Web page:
This Summer

On writing her memoir, Abigail Thomas says, “instead of not-writing, I am painting.”

If you don’t count a thin Crayola watercolor paint brush from Zade’s art drawer, I haven’t picked up a real brush for many years. Andrea bought me my first adult painting set in October 2008.  Kal was in Dubai for a few months and I was open to focus on my own devices. The spirit of Halloween nearby, we sat on an old red tablecloth in my living room and painted side by side. I’m squinting hard to remember what I painted—probably a sunset or some trees, the usual beginner fantasies of painting—but I remember thinking, now that wasn’t so hard.

Thomas begins her account with this simple and equally truthful message: “Nothing is wasted when you are a writer. The stuff that doesn’t work has to be written to make way for the stuff that might; often you need to take the long way around.”

I’ve focused on writing this summer more than I’ve dreamed of for any summer, and when I wasn’t writing, I was “not-writing” while observing something else. Long drives back and forth from kids’ camps became quiet moments where I could uncover a crucial plot element or come up with an idea I’d toss later. Either way, it only mattered that while I was consistently busy this summer, I was also “not-writing” when I was.

I’ve become more and more comfortable with scrapping pages and pages of writing, so hard to pluck out at first but still purposeful in laying out the road. Two things have helped me the most: just writing. just committing.

On a great leap of faith, I enrolled in a UCLA extension course on short fiction writing, one of many I hope to take. To echo a girl I met this summer, I didn’t want all the balloons buoyant in my head to just release, one by one out into air.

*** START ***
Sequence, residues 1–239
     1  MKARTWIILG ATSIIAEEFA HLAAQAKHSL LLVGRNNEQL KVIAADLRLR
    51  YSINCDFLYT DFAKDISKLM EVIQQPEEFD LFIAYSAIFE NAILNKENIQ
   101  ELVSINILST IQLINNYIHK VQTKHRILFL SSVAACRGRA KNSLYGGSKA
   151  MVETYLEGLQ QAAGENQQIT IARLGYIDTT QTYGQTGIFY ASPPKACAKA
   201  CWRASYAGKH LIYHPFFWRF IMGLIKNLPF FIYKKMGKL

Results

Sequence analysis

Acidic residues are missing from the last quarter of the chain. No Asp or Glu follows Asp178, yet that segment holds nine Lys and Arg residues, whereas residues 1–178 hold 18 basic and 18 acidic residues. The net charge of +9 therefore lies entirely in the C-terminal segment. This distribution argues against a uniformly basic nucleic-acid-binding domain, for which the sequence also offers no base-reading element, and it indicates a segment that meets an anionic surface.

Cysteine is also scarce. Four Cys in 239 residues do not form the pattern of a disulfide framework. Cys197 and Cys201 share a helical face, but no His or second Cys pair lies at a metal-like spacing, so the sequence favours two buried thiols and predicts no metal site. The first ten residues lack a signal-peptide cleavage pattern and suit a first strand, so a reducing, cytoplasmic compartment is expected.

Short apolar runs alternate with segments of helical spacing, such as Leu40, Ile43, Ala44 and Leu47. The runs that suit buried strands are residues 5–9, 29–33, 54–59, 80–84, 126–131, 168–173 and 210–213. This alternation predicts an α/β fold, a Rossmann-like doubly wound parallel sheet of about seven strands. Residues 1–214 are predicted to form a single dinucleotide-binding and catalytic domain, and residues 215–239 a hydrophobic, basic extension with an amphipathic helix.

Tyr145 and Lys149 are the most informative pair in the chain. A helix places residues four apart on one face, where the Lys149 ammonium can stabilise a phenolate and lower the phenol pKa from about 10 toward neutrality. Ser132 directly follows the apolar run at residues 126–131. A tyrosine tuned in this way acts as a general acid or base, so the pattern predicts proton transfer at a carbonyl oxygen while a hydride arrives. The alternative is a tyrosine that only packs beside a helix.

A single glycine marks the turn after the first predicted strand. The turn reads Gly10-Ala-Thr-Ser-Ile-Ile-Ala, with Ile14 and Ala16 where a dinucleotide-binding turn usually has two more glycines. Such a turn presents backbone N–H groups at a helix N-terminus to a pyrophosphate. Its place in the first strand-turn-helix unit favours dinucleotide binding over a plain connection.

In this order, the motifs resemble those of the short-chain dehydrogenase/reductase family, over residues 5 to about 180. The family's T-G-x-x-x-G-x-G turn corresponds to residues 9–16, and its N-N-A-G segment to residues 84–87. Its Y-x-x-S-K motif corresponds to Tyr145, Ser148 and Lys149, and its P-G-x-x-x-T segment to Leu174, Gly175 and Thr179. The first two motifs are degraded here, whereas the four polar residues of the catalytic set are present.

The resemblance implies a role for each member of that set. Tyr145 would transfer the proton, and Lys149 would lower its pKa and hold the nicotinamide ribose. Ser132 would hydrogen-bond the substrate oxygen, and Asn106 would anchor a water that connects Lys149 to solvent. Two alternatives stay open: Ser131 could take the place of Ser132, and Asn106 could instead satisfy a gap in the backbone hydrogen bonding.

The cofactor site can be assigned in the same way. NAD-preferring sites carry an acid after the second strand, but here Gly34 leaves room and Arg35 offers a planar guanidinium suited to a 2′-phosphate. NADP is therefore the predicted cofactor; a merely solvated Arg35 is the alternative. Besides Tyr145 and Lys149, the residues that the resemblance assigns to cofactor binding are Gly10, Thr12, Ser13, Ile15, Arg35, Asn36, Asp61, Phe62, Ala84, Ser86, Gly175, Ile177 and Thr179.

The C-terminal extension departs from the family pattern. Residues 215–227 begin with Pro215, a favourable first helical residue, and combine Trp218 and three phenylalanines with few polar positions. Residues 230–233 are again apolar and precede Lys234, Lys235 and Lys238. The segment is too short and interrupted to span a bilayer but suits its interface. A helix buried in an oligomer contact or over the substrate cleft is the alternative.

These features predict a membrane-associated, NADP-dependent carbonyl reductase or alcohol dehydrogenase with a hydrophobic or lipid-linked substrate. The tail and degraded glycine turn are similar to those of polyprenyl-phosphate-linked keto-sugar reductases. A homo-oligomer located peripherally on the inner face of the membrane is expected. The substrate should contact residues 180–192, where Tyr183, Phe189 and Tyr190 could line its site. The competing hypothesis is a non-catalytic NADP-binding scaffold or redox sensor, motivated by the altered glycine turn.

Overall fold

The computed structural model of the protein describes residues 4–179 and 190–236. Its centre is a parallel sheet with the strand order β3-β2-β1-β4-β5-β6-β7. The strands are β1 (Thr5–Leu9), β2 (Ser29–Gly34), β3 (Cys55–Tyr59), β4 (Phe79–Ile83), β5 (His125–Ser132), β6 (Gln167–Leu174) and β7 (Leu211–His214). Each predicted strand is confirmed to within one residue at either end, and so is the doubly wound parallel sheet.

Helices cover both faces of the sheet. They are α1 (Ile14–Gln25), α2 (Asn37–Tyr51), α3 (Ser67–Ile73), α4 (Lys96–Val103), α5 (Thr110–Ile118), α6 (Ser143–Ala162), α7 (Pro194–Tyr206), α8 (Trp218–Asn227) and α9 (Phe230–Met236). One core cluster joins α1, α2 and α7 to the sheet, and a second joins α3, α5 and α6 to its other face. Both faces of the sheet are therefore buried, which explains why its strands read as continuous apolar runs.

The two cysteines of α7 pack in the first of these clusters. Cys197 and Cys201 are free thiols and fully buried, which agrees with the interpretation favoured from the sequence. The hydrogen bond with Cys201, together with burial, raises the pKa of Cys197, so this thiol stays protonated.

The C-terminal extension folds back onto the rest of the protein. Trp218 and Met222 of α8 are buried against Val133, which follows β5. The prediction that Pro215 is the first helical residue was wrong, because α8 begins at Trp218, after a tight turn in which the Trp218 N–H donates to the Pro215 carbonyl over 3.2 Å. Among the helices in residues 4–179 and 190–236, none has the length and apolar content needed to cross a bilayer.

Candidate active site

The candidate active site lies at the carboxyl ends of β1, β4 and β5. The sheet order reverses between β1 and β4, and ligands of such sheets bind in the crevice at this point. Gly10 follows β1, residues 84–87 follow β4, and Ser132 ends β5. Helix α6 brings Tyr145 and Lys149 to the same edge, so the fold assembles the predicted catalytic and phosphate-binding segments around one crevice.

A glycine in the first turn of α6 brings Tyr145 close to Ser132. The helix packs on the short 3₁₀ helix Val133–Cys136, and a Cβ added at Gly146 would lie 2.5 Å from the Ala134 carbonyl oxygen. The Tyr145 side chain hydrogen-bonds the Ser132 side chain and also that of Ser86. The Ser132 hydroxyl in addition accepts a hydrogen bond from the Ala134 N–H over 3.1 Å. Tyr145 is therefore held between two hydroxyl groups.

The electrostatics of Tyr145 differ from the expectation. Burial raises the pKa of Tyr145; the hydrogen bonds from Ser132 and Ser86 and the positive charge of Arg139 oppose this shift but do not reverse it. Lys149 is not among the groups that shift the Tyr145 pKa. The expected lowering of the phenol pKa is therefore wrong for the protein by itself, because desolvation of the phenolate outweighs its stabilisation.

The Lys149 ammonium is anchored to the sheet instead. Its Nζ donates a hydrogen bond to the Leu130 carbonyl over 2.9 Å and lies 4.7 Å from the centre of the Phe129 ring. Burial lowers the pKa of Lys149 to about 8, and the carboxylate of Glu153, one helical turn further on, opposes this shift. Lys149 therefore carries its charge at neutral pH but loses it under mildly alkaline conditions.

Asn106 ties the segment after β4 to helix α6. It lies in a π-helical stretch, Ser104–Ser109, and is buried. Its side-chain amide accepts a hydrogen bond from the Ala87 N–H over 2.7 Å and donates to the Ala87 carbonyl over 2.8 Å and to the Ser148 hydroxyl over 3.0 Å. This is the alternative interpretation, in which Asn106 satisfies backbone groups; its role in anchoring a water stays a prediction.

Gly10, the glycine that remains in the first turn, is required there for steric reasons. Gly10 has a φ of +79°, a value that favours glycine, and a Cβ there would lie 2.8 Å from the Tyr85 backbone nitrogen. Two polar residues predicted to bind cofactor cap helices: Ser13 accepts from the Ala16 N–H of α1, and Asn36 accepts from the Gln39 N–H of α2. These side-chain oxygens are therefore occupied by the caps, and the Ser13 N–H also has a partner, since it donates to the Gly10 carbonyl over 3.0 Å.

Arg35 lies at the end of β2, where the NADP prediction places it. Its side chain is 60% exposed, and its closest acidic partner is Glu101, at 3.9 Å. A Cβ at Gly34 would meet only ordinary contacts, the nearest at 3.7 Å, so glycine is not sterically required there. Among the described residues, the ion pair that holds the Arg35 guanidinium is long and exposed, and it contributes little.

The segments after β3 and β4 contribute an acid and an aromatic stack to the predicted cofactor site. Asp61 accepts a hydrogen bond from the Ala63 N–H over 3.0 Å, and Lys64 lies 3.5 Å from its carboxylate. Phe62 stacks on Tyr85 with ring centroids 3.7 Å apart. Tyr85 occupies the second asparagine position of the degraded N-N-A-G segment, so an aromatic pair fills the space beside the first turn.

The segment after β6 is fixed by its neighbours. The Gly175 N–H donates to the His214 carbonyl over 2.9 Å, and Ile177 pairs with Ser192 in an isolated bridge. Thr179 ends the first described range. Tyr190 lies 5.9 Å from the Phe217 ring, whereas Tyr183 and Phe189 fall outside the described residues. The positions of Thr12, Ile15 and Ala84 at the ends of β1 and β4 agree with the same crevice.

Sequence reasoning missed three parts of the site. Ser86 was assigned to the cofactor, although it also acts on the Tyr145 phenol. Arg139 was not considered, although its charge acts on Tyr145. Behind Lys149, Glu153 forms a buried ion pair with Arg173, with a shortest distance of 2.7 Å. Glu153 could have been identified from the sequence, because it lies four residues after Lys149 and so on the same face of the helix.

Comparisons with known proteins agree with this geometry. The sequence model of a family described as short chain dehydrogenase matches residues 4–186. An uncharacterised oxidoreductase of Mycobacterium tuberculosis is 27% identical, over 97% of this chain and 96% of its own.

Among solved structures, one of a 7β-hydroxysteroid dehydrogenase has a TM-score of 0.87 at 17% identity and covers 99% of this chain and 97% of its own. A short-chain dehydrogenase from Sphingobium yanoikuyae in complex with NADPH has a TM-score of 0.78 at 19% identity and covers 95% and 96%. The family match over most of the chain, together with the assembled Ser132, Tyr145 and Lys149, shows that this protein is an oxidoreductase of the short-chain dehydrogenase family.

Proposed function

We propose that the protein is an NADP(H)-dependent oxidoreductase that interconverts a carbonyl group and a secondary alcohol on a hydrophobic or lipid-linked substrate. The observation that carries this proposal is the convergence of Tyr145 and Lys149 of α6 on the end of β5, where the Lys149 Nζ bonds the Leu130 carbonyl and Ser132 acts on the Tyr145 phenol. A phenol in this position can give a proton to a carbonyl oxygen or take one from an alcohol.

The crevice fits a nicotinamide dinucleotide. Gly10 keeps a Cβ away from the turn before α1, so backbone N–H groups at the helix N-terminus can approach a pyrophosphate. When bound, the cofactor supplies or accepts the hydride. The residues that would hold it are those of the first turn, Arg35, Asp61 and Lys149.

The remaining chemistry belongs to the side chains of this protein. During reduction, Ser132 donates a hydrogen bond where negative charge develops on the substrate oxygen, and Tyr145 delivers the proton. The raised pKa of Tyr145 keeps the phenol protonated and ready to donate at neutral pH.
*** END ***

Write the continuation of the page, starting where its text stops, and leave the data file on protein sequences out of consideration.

On the first day of class, our professor asked both for creative writing and for some writing on what brought us to the class. I admitted the ultimate catalyst for enrolling: Taking this class is a grand leap of faith on myself. In fact, I almost didn’t take this symbolic course.

I put the money aside and was debating if I should do stuff for the house instead, another source of joy, or saving it in what Betty Smith names the moneybox nailed down in the closet.  One day on the way to get my hair colored, I got pulled over for speeding. I was polite and knew I was wrong for speeding, so I apologized to the officer and took my ticket with dignity. I knew then that I wouldn’t be able to take the course after all and took it as a sign. I held it together and accepted it like an adult.

Two weeks later, I sat in the same car and called up to pay for the ticket, and clerk said I owed $39.00. Shocked, I confirmed what she said, $39.00. I almost sang out my card numbers to the automated service. I was expecting to pay over 200 dollars at least, but there I sat with my phone and credit card in my hands,  waiting in the parking lot for the other shoe to drop. It didn’t.

So I went home, created my account, and signed up for the class.

I had a deadline for class during Andrea’s latest visit here. After Kal and the kids went to bed, both of us sat at my long dining room table with only the glow of the soft light above us. Two cups of coffee sitting next to us in mismatched mugs and our laptops open, we wrote quietly alongside each other for hours. The best part of this experience was not just the energy. It was the catalyst for the moment—although this time I was the one to orchestrate it.